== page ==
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Florida Man Throws Urine On Prosecutor During Sentencing Hearing In Fort Lauderdale

FORT LAUDERDALE (CBSMiami) — A Florida man, found guilty of attempted murder and awaiting sentencing, tossed urine on the prosecutor inside a Fort Lauderdale courtroom.

According to the Broward Sheriff's Office police report, Albert Narvaez attacked Broward Assistant State Attorney Andrew Newman inside Circuit Judge Susan Alspector's courtroom on Wednesday.

The report states Narvaez threw a bottle of urine at Newman and yelled, "He pissed on me! He told me to do it. (Expletive) him!" It is not known who Narvaez was referring to.

The BSO arrest report states the "urine went inside his mouth and outer clothing."

It is not clear how Narvaez was able to get the bottle into the courtroom.

The sentencing hearing was postponed.

Narvaez is now also charged with battery for his attack.

Chief Assistant State Attorney Jeff Marcus said, "We are absolutely incensed by what occurred. I wish the public knew the number of threats prosecutors receive on a daily basis, but they have the courage to go into court every day to ensure that justice is pursued against these violent offenders."

Newman, prosecutor for 26 years, said, "I've seen a lot. I was a homicide prosecutor in Palm Beach. Here, I've been in the domestic violence unit for many many years."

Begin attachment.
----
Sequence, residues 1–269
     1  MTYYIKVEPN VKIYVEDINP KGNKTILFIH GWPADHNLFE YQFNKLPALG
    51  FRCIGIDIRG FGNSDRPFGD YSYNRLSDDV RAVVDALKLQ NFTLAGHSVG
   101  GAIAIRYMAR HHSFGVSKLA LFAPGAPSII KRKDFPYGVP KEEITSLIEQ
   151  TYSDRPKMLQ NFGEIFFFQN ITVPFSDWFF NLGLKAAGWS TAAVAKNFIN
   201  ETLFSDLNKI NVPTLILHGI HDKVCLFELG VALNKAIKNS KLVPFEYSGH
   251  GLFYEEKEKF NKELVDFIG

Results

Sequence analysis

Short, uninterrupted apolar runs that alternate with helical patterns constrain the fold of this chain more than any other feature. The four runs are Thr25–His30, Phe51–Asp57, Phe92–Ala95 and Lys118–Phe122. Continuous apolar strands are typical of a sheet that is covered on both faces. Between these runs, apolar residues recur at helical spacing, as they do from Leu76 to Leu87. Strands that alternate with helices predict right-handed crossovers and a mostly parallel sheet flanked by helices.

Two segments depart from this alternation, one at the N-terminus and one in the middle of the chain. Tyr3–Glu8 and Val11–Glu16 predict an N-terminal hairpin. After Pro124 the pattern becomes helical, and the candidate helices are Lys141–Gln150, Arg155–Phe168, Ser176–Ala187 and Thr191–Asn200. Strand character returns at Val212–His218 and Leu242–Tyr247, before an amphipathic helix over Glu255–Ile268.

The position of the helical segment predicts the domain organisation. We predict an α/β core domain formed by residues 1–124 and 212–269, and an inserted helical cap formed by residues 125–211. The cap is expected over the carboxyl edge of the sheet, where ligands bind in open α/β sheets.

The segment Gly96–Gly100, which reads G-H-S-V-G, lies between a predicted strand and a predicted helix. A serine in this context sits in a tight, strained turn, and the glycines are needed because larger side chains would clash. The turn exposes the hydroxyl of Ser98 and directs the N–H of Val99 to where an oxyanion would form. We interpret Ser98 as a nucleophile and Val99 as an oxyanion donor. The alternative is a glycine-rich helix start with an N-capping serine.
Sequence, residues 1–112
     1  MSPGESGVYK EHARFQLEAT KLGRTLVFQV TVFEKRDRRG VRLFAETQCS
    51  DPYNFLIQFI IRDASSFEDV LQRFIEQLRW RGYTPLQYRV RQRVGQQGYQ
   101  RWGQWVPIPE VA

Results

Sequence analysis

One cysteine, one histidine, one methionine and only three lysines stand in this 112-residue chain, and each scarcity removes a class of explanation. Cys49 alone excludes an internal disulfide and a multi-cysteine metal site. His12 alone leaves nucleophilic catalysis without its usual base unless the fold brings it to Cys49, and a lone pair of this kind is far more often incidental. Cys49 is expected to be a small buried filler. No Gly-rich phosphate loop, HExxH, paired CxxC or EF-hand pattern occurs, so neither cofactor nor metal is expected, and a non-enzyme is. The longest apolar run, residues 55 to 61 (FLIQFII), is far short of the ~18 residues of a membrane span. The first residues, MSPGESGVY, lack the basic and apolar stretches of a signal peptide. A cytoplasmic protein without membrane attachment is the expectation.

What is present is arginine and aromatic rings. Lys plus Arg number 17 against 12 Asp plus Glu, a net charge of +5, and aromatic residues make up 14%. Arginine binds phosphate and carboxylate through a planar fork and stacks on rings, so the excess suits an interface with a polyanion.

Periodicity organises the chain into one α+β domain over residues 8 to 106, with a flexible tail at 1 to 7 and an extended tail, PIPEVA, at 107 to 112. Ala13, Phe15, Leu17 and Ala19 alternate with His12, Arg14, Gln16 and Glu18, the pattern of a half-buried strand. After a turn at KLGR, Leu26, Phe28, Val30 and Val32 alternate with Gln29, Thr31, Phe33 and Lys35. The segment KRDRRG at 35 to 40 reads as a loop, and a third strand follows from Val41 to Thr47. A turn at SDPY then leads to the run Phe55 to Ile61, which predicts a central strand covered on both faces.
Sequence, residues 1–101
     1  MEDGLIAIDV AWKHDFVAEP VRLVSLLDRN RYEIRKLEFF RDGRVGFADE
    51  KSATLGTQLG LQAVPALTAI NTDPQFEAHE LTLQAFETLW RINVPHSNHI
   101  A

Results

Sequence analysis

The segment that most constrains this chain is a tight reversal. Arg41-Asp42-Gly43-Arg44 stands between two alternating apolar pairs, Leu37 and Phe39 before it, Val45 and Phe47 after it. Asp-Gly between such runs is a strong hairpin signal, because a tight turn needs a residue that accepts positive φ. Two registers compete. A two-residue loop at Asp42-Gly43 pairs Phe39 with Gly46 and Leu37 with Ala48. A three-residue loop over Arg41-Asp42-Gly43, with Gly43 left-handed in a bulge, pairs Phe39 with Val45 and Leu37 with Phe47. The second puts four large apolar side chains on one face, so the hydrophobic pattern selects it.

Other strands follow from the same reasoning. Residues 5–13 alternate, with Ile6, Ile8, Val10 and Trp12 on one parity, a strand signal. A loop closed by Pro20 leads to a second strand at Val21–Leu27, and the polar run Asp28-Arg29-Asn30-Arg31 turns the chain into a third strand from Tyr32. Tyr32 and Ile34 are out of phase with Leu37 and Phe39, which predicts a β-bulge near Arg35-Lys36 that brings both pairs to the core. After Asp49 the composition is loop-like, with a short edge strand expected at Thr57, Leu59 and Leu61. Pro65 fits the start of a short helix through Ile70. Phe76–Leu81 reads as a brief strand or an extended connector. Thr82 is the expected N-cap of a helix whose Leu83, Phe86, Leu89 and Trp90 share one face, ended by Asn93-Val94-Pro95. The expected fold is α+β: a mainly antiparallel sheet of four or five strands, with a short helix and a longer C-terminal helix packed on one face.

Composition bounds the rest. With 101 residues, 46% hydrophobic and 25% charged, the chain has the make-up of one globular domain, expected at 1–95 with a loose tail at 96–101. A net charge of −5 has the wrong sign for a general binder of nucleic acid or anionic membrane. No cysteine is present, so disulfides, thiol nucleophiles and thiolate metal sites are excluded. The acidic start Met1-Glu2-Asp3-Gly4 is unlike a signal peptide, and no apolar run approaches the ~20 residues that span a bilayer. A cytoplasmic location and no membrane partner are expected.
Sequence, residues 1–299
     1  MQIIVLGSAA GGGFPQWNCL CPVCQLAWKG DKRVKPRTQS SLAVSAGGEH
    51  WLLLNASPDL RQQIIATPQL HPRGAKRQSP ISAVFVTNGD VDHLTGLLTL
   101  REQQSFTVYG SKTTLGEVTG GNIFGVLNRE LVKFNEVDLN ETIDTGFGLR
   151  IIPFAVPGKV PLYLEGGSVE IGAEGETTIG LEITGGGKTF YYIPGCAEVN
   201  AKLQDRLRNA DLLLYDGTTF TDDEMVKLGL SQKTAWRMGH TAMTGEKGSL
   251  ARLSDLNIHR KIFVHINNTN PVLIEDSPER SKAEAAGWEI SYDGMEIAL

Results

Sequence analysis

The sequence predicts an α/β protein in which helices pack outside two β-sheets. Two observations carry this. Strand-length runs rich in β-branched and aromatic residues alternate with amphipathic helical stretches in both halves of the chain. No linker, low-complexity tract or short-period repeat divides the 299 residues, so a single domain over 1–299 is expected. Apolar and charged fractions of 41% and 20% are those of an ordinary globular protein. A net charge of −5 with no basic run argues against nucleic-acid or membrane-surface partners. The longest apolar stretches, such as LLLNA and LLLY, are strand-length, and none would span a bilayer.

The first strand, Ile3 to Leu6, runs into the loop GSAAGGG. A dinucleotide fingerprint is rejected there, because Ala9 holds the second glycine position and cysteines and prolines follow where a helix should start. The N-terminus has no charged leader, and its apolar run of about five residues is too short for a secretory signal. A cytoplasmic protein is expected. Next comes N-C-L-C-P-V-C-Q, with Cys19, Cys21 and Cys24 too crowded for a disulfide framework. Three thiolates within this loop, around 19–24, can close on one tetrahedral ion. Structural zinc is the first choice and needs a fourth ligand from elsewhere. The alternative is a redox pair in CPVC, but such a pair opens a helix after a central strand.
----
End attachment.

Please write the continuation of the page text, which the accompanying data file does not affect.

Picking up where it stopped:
But in those 26 years, he says nothing compares to the level of the violation he felt at 3:45 p.m. Wednesday afternoon.

"This was unexpected obviously. It was kind of a shocking incident," he said.

Newman's laptop, paperwork, and even his chair was soaked.

"I just think in any courthouse crazy things can and do you happen I'm in YouTube is full of videos of quart room incidence so it's difficult high-pressure tough situations and everybody should be on guard."

As the law stands, battery on anyone working in the courts, such as bailiffs, judges or prosecutors is a misdemeanor.

State Representative Michael Gottlieb wants to make this a felony.

"I've worked in the system for 25 years. I've seen public defenders stabbed with a pencil. I have seen inmates spit on people and whether he's a state attorney or not, he's a comrade of arms in the justice system," Gottlieb said.

Gottlieb has already drafted the bill.

He says it needs to be enhanced to a third-degree felony with a sentencing guideline of at least five years in prison and the punishment to run consecutive to any other offense the person is sentenced to.

"I'm not happy that it occurred, it's not gonna change the way I am," Newman said.

It's not going to stop him from prosecuting people like Narvaez to the fullest extent of the law.

"Not gonna change anything at all," he adds.

Police want to know how did Narvaez get free, how did he get his hands on a bottle, and who is at fault.

BSO has an internal affairs investigation looking into the incident.


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